Have been planning to try this place for some time now. My sister makes great Okonomiyaki at home, so I was curious what a commercial one in Toronto would be like. I tried the one in Japan too long ago to remember, so I had to go with her - a japanese culture enthusiast.
A lonely corner house on a small street off of Bloor or Young. From the outside nothing special, even a bit cold and cheap-looking.
It is rather deceiving, because as soon as we entered we were greeted, seated and realized the restaurant is not as big as it looks. As a matter of fact if it would have been a longer space, as I suspected from the outside, it would have lost its feel and turned into a cold cafeteria.
intimate, herbaceous, a bit nutty
Inside it was all wood. The red paper lanterns and the red highlights add a warm vibe. Almost all walls were windows and most had their charming logo in the middle - a kids' face inside two round plates, with a tall circular red hat. There was a main bar-like area and the rest was short tables - blue tops. It was somehow cozy - the warm sunny spring weather definitely added.
grassy, bouquet of citrus
You are given a menu as well as acheck-in-the-box sheet, probably to make sure there are no miss-understandings but it starts feeling machine-like. Our waitress seemed more than capable to take down our order, judging by the way she answered our questions. We decided to share a noodle soup, a sunomono salad and go for 2 okonomiyaki plates - beef and pork.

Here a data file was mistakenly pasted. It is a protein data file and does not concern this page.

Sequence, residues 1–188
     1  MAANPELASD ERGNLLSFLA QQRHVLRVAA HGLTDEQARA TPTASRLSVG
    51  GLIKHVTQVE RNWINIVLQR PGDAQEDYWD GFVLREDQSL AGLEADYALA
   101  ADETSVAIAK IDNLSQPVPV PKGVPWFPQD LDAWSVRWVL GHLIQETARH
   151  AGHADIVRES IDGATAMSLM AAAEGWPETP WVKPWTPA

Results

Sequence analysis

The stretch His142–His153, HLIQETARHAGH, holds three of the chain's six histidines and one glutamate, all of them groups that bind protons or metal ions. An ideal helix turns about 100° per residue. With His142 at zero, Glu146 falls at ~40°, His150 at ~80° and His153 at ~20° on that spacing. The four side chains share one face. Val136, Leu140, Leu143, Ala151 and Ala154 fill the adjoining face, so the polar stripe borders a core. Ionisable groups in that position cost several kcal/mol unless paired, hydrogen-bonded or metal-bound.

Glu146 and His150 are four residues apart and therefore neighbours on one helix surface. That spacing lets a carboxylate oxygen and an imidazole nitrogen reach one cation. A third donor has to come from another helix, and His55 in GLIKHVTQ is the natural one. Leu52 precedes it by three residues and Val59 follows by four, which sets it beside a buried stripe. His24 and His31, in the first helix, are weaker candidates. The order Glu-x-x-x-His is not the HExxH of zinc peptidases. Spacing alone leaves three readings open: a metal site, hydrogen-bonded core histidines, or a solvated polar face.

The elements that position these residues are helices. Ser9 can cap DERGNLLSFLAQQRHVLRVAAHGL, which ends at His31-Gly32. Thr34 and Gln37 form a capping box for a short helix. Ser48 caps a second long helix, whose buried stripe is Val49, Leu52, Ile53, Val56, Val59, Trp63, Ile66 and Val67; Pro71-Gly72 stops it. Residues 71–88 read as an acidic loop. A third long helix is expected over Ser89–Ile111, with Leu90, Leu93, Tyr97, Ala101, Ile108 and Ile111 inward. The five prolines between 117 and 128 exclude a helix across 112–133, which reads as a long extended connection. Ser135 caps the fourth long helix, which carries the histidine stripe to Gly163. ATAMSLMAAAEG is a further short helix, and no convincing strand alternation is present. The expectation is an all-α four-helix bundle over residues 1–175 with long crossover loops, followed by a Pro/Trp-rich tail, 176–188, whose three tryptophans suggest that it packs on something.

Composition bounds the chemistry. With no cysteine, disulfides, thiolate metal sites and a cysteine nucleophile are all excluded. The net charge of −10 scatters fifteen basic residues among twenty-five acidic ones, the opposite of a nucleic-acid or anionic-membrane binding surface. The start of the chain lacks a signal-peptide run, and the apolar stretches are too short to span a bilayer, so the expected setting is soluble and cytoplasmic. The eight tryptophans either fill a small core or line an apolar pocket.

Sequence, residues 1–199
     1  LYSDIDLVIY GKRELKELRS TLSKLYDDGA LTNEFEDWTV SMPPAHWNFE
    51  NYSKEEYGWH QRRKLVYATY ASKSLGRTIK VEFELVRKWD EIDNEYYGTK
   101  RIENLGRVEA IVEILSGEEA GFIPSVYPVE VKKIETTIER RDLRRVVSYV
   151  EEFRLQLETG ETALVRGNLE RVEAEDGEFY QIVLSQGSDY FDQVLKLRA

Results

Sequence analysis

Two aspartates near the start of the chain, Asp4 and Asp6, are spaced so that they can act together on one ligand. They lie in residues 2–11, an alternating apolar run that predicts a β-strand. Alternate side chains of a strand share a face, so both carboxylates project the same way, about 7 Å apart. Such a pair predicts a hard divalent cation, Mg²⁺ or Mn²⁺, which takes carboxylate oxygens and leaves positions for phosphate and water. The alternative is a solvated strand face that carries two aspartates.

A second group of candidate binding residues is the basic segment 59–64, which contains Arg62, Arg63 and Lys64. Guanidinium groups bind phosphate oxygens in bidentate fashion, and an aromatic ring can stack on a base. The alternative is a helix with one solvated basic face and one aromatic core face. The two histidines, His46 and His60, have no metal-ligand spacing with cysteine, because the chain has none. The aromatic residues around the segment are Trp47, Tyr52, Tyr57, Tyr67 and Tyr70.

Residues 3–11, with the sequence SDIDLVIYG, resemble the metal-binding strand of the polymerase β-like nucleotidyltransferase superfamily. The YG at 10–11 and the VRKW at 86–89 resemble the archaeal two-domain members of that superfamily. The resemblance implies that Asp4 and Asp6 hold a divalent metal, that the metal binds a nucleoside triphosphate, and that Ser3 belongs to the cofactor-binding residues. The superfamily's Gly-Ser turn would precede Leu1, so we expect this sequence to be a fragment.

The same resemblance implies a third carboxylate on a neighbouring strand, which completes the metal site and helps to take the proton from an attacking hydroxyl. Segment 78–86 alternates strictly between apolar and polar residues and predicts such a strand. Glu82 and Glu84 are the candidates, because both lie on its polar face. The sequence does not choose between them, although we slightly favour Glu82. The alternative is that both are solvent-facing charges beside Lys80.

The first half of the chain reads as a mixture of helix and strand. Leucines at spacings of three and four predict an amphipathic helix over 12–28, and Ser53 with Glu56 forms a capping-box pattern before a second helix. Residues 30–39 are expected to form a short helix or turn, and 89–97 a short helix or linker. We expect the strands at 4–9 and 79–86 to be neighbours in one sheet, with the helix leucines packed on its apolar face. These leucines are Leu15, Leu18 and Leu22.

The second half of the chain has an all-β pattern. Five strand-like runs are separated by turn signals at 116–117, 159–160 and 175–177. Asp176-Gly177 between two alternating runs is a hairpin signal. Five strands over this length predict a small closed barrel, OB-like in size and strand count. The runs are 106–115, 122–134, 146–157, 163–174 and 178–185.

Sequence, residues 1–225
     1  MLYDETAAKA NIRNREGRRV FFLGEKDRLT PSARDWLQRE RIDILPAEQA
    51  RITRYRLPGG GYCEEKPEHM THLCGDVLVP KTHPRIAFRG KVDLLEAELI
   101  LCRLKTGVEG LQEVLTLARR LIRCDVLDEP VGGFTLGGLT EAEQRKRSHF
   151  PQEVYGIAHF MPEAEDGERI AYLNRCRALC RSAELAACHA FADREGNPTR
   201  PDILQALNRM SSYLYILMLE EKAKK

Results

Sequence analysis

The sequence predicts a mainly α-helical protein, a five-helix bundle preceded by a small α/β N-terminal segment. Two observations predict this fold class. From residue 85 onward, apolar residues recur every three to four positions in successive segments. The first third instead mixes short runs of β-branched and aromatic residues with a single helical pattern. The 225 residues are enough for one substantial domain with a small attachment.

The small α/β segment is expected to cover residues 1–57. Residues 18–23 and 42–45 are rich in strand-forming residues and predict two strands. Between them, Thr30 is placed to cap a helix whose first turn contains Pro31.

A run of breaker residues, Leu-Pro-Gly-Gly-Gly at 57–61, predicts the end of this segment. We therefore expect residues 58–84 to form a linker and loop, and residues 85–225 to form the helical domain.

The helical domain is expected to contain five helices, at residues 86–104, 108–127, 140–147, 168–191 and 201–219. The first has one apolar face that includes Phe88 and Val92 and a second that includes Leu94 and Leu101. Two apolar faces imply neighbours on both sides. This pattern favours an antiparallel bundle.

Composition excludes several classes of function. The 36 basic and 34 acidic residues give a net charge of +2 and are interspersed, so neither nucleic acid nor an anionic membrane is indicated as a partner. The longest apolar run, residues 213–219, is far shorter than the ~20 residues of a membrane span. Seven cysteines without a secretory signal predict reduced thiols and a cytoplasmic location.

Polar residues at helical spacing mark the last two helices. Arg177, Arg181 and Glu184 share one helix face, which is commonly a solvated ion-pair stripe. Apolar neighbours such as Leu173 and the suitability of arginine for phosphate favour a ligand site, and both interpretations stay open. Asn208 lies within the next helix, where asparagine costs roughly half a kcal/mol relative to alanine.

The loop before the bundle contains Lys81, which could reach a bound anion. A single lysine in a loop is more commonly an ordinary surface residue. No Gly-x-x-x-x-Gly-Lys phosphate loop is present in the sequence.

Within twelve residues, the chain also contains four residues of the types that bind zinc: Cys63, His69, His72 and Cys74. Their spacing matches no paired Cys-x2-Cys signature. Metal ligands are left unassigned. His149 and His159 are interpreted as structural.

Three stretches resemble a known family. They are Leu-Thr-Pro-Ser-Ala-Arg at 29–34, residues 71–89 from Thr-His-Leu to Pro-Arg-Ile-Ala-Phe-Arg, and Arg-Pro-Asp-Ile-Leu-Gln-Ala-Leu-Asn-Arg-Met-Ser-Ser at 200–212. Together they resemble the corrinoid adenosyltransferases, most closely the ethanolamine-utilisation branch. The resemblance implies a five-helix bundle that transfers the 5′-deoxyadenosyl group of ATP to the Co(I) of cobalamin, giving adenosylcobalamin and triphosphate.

So what is Okinomiyaki? A kind of Japanese pancake, made from cabbage, flour, egg, meat, hints of ginger and topped with special sauce. As we waited, we were impressed to see a girl next to us drinking Calpico juice - a white milk-based juice, favoured in Japan.
lovely complexity, acid balance
Our soup and salad came quickly. The noodle soup was light and simple. The sunomono was very nice - rice noodles, cucumber, shrimp, sesame seeds in a light vinaigrette. That is the way appetizers should be - light and small. I hate it when I get stuffed before the main dish. The okinomiyaki plates came, they were selves in small frying pans. As they came darker with dark okinomi yak sauce and a big spot of mayo, we realized we forgot to tick off the menu option saying - Dried Sea Weed and Bonito Flakes ($0.50) - a must.
The lady brought it as soon as we asked, no questions asked. We loaded them with these two on top. They were very good. The beef one, I was not too crazy about as the meat dried up the dish, while the pork one was perfect. They only part I was not crazy about was the ginger, but I am just not used to having it in there. I was kind of glad they did not give us forks instantly, once they noticed we are not japanese. It looks like a challenge to eat with chopsticks but it is really not that bad, plus it helps us savour the food.
I would definitely be back here. The food was too filling and the choices of okonimiyaki dishes is wide - chicken, bacon, vegetable, shrimp, scallop, squid, seafood deluxe..on top of that there is a specials part of the menu we did not even look at. And more importantly sake and japanese beers are offered!
Overall.. a light and refreshing Semillon